* * *

For those of you who have been following these journals through the last two years, let me say that I seem to be entering a new period now. Orders are now coming in every day, sometimes for multiple prints. So now I am spending most of my time printing and matting and packing. I am not going to complain about this as I normally do, since it is really grunt work, but accept it as validation that if you are willing to sell fine art prints at a fair price, there is an audience for it. I guess my only regret, is that I’m still stuck in this tiny studio. Its almost impossible to open the door of my apartment because the little table that unfolds to become the work area for the trays is blocking the door.

Somebody mentioned that maybe sales are picking up because pictures about New York City are so popular now since the Sept. 11th attack. There may be some truth to that. But I think that I’ve been learning the ropes on eBay, and am getting more exposure there, some of which spills over to my site.

* * *

Today the military made its first strikes at the Taliban. Tomorrow is Monday. I think that a lot of people in New York are now scared (myself included) that retaliation will take place. I definitely feel trepidation about taking the rush hour train downtown tomorrow. But what are you going to do? You can’t let this stuff keep you in the house.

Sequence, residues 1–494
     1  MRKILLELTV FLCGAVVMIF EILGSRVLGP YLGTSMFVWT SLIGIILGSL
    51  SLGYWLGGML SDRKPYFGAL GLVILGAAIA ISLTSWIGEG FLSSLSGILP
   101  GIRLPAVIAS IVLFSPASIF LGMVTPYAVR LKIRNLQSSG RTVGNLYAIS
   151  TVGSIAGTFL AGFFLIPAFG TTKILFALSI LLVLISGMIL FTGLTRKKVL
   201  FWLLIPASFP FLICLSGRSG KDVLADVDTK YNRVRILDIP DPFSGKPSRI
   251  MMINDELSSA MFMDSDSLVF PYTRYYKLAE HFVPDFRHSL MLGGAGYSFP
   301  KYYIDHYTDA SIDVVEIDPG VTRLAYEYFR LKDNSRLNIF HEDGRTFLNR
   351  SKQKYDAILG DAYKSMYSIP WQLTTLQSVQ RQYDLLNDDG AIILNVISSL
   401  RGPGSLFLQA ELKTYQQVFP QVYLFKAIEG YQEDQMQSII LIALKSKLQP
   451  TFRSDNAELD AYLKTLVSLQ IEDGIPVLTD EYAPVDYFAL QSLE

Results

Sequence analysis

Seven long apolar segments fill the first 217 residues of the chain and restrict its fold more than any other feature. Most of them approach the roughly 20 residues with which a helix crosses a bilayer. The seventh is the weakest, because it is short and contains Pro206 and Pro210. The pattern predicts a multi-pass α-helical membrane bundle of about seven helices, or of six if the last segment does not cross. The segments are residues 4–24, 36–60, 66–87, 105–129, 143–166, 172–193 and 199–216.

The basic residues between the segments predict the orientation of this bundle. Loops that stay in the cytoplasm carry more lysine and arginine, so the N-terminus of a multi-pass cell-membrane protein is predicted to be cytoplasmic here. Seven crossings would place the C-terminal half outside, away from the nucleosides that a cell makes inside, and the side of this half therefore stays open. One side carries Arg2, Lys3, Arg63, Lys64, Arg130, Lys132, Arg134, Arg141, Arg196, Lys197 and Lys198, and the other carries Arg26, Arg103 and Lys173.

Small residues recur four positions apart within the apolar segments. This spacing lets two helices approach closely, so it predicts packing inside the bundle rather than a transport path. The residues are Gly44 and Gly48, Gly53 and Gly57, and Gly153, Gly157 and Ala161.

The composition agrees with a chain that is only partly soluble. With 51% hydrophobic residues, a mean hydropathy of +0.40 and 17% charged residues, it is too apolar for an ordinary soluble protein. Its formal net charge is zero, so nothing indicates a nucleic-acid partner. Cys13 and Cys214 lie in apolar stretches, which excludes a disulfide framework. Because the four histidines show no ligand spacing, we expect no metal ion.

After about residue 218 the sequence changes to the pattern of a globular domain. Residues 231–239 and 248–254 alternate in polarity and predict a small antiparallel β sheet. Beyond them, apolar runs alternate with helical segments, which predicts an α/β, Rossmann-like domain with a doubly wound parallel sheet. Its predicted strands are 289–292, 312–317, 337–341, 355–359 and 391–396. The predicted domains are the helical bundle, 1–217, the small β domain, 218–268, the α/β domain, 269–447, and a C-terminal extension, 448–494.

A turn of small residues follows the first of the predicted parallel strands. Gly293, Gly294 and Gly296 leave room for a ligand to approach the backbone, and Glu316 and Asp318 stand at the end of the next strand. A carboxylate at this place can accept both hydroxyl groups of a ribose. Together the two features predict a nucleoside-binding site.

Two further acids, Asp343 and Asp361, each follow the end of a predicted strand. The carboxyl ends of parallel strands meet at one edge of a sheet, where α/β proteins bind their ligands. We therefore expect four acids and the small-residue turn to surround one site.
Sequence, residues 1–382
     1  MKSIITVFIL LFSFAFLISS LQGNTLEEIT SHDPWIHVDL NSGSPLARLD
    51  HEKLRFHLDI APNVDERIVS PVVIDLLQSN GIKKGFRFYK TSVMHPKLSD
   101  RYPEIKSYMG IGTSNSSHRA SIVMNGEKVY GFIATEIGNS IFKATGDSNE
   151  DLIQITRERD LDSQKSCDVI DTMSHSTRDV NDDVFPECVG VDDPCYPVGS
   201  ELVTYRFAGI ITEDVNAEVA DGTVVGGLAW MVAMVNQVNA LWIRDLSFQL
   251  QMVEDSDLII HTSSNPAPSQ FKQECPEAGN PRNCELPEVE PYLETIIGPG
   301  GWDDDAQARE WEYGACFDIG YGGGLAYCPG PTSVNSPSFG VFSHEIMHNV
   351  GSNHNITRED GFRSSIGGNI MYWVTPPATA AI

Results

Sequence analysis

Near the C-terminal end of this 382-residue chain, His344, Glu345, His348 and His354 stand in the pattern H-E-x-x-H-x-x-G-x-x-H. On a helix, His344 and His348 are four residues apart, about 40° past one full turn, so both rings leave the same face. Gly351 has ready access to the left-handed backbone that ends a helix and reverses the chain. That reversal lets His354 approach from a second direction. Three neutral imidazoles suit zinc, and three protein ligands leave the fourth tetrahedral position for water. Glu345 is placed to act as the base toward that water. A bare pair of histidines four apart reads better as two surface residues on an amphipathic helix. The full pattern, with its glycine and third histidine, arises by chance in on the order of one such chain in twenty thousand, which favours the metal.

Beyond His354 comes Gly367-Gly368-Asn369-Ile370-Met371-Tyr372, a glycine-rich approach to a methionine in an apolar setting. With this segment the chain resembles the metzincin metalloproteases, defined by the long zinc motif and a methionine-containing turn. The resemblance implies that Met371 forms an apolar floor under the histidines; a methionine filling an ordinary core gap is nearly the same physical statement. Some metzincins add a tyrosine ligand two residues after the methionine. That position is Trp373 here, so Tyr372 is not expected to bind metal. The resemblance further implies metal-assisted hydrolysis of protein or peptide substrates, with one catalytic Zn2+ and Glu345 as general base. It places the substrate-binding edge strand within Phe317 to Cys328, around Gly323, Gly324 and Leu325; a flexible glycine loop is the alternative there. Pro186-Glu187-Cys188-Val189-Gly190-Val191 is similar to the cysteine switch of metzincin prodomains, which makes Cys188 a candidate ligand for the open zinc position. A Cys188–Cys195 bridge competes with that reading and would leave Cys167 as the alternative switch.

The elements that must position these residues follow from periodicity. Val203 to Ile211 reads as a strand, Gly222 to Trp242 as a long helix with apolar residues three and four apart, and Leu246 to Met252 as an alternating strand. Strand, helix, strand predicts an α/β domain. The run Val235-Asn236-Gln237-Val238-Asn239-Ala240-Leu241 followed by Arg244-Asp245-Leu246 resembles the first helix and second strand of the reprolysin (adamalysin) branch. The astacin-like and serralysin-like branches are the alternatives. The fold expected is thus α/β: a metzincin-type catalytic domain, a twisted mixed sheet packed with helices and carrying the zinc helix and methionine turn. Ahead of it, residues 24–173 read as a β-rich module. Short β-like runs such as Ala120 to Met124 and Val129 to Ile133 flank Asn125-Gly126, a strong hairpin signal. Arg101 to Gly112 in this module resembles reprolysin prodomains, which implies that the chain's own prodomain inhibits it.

Man I am going to be in the darkroom for the next two weeks. I have received orders for about fifty prints (total) from several people over the last few days. At an average price of $40, that’s $2000 gross and a heck of a lot of printing and matting. I wish I could afford to have someone do the printing for me, but there just isn’t enough of a margin to pay a skilled printer.


Agora finished second exhibit. Nothing sold. But they asked if they could hold onto a few pieces.

* * *

After tremendous amount of procrastination, did twenty 11 x 14’s today. Even printed a few new things that had been shot with tri-x. My thanks to the music of John Prine which finally got me to turn on the enlarger. Somewhere during the session, I found myself singing out loud with the album for almost two hours. I hope the neighbors don’t complain.


Still fooling around with eBay. I put up Marsh in 16 x 20 size for $65 opening bid. The print has sold for as much as $250 at various times. The thing about eBay is that I still can’t figure out where you end up getting ranked in the listings, or how or what that depends on. When you go to the browse area in fine art, is your listing random? Is it based on the title of the item? Some of my items were shown on the first page and others were many pages down, even right after they were listed.

* * *


One big order down, one big order to go. Yesterday, I even printed a few new things that had been shot on Tri-x. It was fun to see the look that I remember from my youth. It’s true that these were easier to print and held up at 11 x 14, but to really get the most out of Tri-x you need to rate it at around 200 ASA and under-develop a bit — especially in contrasty situations. I really shouldn’t be fooling around so much with film at this point, but I’m going to shoot some of the new Delta 400 film next time I get out of the house.

* * *


[these are exercises in creative writing and are almost totally fictional – editor]

Dear Dave,